After understanding the importance of dan-tien, we should learn how to train the feeling of dan-tien. The first and foremost is of course ma bu (horse step). A lot of people believe that the purpose of ma bu is to strengthen muscles of the legs, and with strong legs stability is achieved, and with stability the maximum power of punches or kicks is achieved. There is no argument that maximum power is achieved with stability. But strong legs do not necessarily mean stability. We have seen muscular men start to sweat and tremble the minute they squat down in ma bu, as if different sources of power are in conflict inside their bodies. Therefore stability is controlled by the mind, not muscles. When one is in ma bu stance, in addition to following the usual instructions, the most important is to focus on your dan-tien. Relax the muscles of your upper body, then you would start to feel your weight dropping down along with your chi, and your center of gravity would be lower, and you feel like a Humpty Dumpty, top light and bottom heavy. 

Also you can use the five basic moves, hoa bi (flex arms), shuai yao (swing the hips), huo yao (enliven your waist), chie jang (cutting palm), tuo tien hua di (brace the sky and paint the floor), to train the feeling of letting dan-tien lead the movement of the limbs. If hoa bi is not done right and let dan-tien lead the movement of both arms, they may not be coordinated. They may move in the same direction, or they may not move at all. What you should do is let the movement of both arms follow the swing of dan-tien. The minute you rotate the dan-tien around the y-axis, one arm will be raised in front of your body and one arm behind, then to the head together, and then down to one arm in front and one arm behind again, and then down to the sides again. If it is still difficult for you to imagine the lead of dan-tien, then change it to the swing of your hips. But in this case, the radius is larger, and it is not as efficient. As to the other basic moves, the guidelines are the same: maintain the stability of your dan-tien, and the arms or legs follow the swing of your dan-tien. The more synchronized your move is, the more power you get.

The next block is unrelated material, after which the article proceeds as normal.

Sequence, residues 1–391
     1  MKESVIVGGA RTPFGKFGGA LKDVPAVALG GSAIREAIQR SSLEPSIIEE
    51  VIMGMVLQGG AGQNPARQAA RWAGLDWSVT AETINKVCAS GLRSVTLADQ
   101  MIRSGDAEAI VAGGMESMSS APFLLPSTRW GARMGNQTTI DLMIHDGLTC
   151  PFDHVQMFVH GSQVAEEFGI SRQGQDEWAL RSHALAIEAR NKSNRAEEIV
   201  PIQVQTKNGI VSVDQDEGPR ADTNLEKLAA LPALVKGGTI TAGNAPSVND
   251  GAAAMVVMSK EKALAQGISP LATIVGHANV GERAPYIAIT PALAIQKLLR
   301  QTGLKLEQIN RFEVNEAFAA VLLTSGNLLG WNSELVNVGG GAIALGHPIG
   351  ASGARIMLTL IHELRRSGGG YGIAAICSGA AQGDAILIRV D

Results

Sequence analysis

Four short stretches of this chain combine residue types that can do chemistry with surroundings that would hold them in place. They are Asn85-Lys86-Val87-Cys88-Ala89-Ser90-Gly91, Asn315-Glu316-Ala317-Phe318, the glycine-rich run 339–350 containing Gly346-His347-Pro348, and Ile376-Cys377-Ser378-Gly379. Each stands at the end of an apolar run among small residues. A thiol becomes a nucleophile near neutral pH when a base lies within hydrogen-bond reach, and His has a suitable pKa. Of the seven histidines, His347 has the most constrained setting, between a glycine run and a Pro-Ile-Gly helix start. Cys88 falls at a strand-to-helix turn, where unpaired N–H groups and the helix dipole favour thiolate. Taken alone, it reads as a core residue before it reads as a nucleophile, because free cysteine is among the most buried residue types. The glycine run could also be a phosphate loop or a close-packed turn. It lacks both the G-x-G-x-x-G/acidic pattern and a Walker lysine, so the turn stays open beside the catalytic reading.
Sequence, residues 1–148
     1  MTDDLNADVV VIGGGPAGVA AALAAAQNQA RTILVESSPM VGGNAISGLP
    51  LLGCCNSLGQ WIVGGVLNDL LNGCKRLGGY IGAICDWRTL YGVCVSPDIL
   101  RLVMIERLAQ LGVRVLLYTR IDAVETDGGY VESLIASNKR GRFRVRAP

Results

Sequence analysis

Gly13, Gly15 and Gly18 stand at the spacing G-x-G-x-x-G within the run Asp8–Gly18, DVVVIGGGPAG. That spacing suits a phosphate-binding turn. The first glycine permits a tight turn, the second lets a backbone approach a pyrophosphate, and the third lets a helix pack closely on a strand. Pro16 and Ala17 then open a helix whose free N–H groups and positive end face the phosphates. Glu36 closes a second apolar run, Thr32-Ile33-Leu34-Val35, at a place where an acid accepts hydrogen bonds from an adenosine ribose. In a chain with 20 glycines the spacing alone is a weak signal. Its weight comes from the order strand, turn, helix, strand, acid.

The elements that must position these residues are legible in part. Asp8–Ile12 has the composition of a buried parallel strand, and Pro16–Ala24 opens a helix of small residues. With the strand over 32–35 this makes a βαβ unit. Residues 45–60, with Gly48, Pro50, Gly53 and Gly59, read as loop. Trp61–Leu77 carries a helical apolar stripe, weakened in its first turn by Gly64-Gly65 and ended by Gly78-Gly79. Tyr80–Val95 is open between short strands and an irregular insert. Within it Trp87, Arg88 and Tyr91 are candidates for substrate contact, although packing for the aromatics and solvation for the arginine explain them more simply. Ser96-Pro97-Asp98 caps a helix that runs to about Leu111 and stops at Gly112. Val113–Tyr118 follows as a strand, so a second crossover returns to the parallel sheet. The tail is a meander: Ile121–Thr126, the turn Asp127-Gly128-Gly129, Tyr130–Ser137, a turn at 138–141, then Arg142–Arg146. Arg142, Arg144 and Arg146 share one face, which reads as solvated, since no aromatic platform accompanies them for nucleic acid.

After the importance of center of gravity is understood and position located, we need to know how to use this knowledge to improve the performance of our skills. First of all, we can use dan-tien to increase the power of our punch. Normally when a person uninitiated to martial arts throws a punch, his elbow is always raised. When resistance is encountered, he will try to push with his shoulder, and as a result his body tilts to the side. We don't think this is the most efficient way to do it. To correct this problem and understand better, we need to use three-dimension coordinate to describe human body. First we can draw a straight line from the center our head to the ground and call it y-axis (we call it the middle line in Chinese.) And this line will pass through dan-tien. We will draw another line parallel to the ground from left hip to right hip and let it pass through dan-tien and call it x-axis. We will still draw another line from the back of the body to the front of the body and let it pass through dan-tien again and call it z-axis. Now we can start to analyze punching. Usually we divide punching into two moves. First you put your fist a few inches in front of solar plexus depending on the length of your forearm, while keeping your elbow close to the side of your body. Then you start to swing your hips around the y-axis, while keeping the y-axis, i.e. your body, upright. When you swing your hips, your arm moves in tandem as if pushed by the power generated from the swing of the hips. The path of your arm's movement should be parallel to the z-axis, meaning you should not raise your elbow. Since your body rotates around the y-axis, your arm should also rotate around the line that is parallel to the z-axis. This way you will be punching with the full body weight behind it, not just one arm or one side of your body. Follow the instructions down to the smallest detail and practice. You will find your power increasing significantly.